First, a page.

Europe

The Latest: Climate data suggests EU needs Britain

  • Britain's Prime Minister David Cameron speaks during his tour of the BMW Mini plant in Oxford England, while on  a "Remain" EU referendum campaign visit Monday June 20, 2016. Britain goes to the polls in a referendum on Thursday on whether to leave or remain in the EU. (Leon Neal/PA via AP) UNITED KINGDOM OUT

    Britain's Prime Minister David Cameron speaks during his tour of the BMW Mini plant in Oxford England, while on a "Remain" EU referendum campaign visit Monday June 20, 2016. Britain goes to the polls in a referendum on Thursday on whether to leave or remain in the EU. (Leon Neal/PA via AP) UNITED KINGDOM OUT  (The Associated Press)

  • Labour Party leader Jeremy Corbyn makes a speech at the Engine Room in the People's History Museum, Manchester, Tuesday June 21, 2016. Britain goes to the polls on June 23 in referendum on their EU membership.  (Peter Byrne/PA via AP) UNITED KINGDOM OUT - NO SALES - NO ARCHIVE

    Labour Party leader Jeremy Corbyn makes a speech at the Engine Room in the People's History Museum, Manchester, Tuesday June 21, 2016. Britain goes to the polls on June 23 in referendum on their EU membership. (Peter Byrne/PA via AP) UNITED KINGDOM OUT - NO SALES - NO ARCHIVE  (The Associated Press)

  • British Prime Minister David Cameron makes a statement appealing for people to vote to remain in the European Union outside 10 Downing Street in London, Tuesday, June 21, 2016. Britain votes whether to stay in the EU in a referendum on Thursday. (AP Photo/Matt Dunham)

    British Prime Minister David Cameron makes a statement appealing for people to vote to remain in the European Union outside 10 Downing Street in London, Tuesday, June 21, 2016. Britain votes whether to stay in the EU in a referendum on Thursday. (AP Photo/Matt Dunham)  (The Associated Press)

The Latest on Britain's referendum on staying or leaving the European Union (all times local):

11:05 a.m.

New carbon pollution figures show the European Union may find it harder to meet its climate targets if British voters decide to leave the bloc

Data published Tuesday by the European Environment Agency show that Britain's greenhouse gas emissions fell by 34.3 percent in 1990-2014, the biggest percentage drop in the EU except for eastern countries whose emissions fell sharply when communist-era heavy industries collapsed.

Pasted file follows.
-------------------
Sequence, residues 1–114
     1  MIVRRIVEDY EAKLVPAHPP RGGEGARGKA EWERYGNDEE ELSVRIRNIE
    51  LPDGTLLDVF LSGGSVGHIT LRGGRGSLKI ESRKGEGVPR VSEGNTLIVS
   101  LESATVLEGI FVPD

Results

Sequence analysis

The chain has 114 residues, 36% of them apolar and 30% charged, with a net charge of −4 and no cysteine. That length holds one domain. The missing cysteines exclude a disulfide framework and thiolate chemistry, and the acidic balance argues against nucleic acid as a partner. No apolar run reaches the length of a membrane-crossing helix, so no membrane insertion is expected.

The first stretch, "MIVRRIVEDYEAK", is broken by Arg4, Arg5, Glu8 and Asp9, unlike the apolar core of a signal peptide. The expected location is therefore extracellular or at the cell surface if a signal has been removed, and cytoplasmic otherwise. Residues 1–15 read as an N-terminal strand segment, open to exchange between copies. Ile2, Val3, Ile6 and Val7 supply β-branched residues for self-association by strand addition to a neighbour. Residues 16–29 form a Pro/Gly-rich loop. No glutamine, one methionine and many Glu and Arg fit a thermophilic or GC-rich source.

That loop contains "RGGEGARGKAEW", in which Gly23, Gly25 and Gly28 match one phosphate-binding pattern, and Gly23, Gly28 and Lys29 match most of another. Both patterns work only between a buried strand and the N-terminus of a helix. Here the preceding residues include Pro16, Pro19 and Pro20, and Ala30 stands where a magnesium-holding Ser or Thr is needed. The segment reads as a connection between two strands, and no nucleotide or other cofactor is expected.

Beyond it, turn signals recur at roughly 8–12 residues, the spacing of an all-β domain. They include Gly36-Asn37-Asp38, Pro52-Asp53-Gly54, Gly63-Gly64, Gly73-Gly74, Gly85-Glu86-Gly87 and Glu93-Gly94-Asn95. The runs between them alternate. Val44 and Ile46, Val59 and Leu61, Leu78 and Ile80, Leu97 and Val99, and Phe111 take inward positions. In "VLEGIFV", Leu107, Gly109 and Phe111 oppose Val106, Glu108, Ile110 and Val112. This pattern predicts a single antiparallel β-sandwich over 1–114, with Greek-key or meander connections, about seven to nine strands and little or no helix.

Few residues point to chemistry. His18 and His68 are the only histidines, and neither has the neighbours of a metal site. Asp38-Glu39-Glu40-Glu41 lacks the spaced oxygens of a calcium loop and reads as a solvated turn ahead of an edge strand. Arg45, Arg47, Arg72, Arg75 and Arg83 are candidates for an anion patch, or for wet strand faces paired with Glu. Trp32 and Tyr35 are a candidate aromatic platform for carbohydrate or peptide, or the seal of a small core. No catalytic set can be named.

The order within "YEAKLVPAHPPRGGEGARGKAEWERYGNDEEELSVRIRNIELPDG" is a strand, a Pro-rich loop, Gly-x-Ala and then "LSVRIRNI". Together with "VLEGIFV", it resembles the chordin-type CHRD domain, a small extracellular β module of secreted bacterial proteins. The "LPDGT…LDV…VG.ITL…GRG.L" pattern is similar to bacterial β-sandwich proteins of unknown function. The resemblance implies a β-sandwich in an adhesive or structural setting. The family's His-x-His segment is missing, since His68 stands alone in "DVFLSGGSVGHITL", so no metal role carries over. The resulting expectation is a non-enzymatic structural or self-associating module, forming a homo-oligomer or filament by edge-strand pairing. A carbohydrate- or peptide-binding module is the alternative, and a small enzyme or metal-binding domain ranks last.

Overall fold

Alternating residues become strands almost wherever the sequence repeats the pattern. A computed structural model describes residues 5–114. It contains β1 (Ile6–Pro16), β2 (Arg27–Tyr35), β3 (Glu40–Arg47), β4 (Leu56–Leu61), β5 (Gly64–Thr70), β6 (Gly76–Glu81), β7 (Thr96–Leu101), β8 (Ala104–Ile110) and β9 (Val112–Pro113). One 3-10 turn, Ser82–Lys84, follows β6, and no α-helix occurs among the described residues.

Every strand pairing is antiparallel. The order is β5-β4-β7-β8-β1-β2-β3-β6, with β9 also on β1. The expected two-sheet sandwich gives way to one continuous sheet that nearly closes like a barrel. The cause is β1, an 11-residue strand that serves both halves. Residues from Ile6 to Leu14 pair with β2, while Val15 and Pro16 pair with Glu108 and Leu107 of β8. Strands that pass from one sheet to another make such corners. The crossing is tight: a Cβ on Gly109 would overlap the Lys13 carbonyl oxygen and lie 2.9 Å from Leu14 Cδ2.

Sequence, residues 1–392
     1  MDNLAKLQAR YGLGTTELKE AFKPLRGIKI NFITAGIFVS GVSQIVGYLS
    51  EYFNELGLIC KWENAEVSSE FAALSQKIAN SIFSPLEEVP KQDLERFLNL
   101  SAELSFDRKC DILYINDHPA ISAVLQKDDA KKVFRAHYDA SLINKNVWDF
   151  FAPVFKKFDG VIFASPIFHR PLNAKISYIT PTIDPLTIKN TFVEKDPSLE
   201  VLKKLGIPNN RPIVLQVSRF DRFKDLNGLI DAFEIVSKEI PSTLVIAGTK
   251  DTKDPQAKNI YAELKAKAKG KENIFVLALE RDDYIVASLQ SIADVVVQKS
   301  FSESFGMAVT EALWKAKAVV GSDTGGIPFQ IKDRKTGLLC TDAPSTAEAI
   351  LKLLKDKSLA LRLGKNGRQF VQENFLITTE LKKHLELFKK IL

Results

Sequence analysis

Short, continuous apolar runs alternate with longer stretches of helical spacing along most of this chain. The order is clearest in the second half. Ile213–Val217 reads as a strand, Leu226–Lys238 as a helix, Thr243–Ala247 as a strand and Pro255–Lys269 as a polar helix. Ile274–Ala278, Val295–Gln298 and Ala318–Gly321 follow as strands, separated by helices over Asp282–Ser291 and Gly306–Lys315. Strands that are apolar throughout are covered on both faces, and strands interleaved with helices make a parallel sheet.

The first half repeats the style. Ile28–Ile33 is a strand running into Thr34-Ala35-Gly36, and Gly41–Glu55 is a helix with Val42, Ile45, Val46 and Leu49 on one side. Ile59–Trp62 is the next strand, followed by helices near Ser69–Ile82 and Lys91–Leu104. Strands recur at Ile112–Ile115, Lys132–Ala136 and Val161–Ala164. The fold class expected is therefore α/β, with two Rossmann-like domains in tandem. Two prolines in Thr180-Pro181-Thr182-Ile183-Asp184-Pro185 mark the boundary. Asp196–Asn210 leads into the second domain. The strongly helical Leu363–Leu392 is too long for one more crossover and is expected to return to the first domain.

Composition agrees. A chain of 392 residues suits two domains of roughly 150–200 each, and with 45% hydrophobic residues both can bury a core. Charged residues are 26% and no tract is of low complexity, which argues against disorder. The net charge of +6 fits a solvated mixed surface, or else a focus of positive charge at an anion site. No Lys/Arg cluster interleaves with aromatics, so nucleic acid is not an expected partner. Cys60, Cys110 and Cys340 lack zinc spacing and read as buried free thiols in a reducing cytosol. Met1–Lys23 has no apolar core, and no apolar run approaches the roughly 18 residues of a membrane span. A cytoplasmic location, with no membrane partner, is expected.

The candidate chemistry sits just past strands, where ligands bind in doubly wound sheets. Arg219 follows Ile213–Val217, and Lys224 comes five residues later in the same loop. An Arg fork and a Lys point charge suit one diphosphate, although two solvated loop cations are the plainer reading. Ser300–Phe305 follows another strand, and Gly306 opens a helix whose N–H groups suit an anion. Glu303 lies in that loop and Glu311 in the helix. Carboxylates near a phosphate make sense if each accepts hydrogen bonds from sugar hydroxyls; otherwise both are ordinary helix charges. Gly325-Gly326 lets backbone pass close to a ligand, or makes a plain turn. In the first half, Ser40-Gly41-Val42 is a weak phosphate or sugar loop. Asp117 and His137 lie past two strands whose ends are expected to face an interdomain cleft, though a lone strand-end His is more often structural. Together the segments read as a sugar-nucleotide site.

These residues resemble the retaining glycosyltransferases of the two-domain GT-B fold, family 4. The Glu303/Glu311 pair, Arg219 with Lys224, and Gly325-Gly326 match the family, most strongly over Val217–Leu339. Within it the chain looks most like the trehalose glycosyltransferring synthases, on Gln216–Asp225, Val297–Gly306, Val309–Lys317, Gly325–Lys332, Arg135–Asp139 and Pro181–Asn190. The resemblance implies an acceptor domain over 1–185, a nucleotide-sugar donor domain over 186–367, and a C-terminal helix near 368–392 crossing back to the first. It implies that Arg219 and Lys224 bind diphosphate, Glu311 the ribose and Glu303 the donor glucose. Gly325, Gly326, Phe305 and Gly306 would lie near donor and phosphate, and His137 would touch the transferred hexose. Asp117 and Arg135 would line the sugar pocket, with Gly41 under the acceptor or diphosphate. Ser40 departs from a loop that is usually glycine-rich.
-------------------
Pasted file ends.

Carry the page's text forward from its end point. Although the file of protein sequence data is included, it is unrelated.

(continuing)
If it weren't for Britain, the EU's total emissions would have dropped 22.8 percent rather than 24.4 percent during that period.

The EU has already reached its target to reduce emissions by 20 percent by 2020. In negotiations on a climate deal in Paris last year it pledged to deepen those reductions to at least 40 percent by 2030.

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9:25 a.m.

Soccer star David Beckham has thrown his support behind those campaigning to keep Britain in the European Union, describing Europe as a team that needs to play together to succeed. The 40-year-old issued a statement Tuesday saying: "We live in a vibrant and connected world where together as a people we are strong. For our children and their children, we should be facing the problems of the world together and not alone."

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9:10 a.m.

Billionaire currency trader George Soros has warned that a vote for Britain to leave European Union will trigger a plunge in the pound — without benefits that can come with a devalued currency.

In an op-ed piece in Tuesday's Guardian, Soros says a decision to leave the 28-nation bloc in Thursday's vote will cause sterling to drop quickly. Soros predicted the drop will be more dramatic than when Britain crashed out of the European Exchange Rate Mechanism in September 1992.

Soros substantially profited — at the expense of the Bank of England and the British government — when the pound lost 15 percent of its value.

Soros says those who believe a "leave" vote will have no impact on their personal finances are guilty of "wishful thinking."